Three Federal Reserve聽policymakers on Tuesday hinted that the聽central bank has made enough progress to start聽cutting back on its聽monthly bond purchases as early as next month and will start withdrawing the聽extraordinary support it unleashed after the pandemic lockdowns paralyzed the economy.
“Since our December 2020 meeting, the Committee has indicated that it will continue to maintain the pace of Treasury and mortgage-backed securities purchases at $80 billion and $40 billion per month, respectively, until ‘substantial further progress’ has been made toward our maximum-employment and price-stability goals,”聽Fed聽Vice Chair Richard Clarida told the Institute of International Finance virtual annual meeting.
“At our September meeting, the Committee continued to discuss the progress made toward these goals, and I myself believe that the ‘substantial further progress’ standard has more than been met with regard to our price-stability mandate and has all but been met with regard to our employment mandate.”
Clarida noted that if the Fed maintains its “substantial” levels of progress, then a “a moderation in the pace of asset purchases may soon be warranted,” reiterating聽what federal policymakers said in their last meeting.
Noting that while no decisions had been made with regards to the “appropriate” rate at which to begin tapering asset purchases once economic conditions improve,聽Clarita said the Fed generally maintains that, “so long as the recovery聽remains on track, a gradual tapering of our asset purchases that concludes around the middle of next year may soon be warranted.”
Clarida also stated that overall economic activity and conditions in the labor market have continued to improve, with job gains averaging聽550,000 per month over the past three months according to the聽payroll survey. However, he noted that the pandemic and ongoing fears surrounding the virus, “continue to weigh on employment and participation.”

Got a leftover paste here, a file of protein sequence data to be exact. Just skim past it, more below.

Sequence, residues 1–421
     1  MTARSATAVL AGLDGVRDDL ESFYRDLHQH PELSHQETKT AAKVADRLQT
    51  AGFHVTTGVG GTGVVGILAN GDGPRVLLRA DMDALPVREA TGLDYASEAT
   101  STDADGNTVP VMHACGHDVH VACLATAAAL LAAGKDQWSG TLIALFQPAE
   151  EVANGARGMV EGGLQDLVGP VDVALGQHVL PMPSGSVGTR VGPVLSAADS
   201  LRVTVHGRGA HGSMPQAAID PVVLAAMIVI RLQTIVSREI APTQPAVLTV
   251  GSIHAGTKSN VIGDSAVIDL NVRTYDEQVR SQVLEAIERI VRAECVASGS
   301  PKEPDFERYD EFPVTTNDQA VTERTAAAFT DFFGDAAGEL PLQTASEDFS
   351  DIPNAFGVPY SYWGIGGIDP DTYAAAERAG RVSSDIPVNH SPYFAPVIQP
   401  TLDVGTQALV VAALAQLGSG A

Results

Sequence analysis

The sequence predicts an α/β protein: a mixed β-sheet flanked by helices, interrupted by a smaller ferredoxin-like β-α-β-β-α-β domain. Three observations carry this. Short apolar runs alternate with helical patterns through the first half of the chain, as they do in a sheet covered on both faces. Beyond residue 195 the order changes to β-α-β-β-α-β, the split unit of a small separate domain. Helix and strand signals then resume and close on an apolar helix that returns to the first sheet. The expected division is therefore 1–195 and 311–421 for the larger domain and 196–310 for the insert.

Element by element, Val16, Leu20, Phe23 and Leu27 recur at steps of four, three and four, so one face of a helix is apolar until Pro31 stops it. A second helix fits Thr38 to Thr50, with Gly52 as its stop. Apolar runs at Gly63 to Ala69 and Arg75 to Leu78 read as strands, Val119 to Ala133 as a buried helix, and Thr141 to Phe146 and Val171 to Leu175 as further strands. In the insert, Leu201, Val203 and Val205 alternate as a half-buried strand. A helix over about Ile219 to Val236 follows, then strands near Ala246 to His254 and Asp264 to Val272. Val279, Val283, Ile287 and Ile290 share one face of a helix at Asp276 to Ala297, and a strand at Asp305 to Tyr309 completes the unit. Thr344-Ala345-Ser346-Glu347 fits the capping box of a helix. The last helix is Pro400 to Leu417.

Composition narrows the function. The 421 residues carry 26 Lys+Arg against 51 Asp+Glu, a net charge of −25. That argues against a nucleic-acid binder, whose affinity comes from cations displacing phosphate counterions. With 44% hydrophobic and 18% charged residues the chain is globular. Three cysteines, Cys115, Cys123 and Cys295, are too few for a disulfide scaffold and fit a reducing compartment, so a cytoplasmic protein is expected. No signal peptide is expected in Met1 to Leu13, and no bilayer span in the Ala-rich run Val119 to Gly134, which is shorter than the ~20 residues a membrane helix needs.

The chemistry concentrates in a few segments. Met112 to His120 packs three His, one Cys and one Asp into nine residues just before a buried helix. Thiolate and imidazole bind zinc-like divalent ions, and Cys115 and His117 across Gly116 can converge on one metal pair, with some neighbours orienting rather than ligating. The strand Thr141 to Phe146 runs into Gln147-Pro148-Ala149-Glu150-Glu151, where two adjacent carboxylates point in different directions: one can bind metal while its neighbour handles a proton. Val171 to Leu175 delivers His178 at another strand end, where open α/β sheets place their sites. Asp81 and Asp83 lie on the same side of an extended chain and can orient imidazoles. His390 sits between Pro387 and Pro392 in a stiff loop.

Fed policymakers at their last meeting saw the unemployment rate falling to 4.8 percent by the end of this year, a benchmark it already reached last month.
Both Atlanta聽Fed聽President Raphael Bostic and St. Louis聽Fed聽President James Bullard also said on Tuesday that they endorsed a聽November聽start to begin tapering off assets.
“I think that the progress has been made, and the sooner we get moving on that the better,” Bostic said in an interview with the Financial Pezou.
Meanwhile, Bullard told聽CNBC that he would like to see the tapering process finished by the end of the first quarter next year, and advocated an聽aggressive approach to pulling back on its聽monthly bond purchases.
“I want to be in a position to react to possible upside risks to inflation next year as we try to move out of this pandemic,” he said, noting that he聽thinks there is a a 50-50 chance that the current inflation pressures are transitory.
Federal Reserve and many economists maintain that the recent spike in inflation is “transitory,” and merely reflective of the ongoing effects of supply chain breakdowns during the pandemic and shifts in consumer demand as more activities like travel become safer again.
But some聽experts have begun to express fears that the unusual conditions of the COVID-19 economy and large amounts of government stimulus聽will continue pushing prices higher throughout this year.
Economic historian Niall Ferguson told聽CNBC on Sept. 3 that inflation could be聽repeating the trajectory of the late 1960s.
“How long is transitory? At what point do expectations fundamentally shift, especially if the Federal Reserve is telling people, 鈥榳e have changed our inflation targeting regime and we don鈥檛 mind if inflation goes above target for a while?’” Ferguson said.
“My sense is that we are not heading for the 1970s but we could be re-running the late 1960s, when famously the Fed Chair then, McChesney Martin, lost control of inflation expectations.”
Reuters contributed to this report.
Pezou : 3 Fed Policymakers Throw Support Behind November Taper Timeline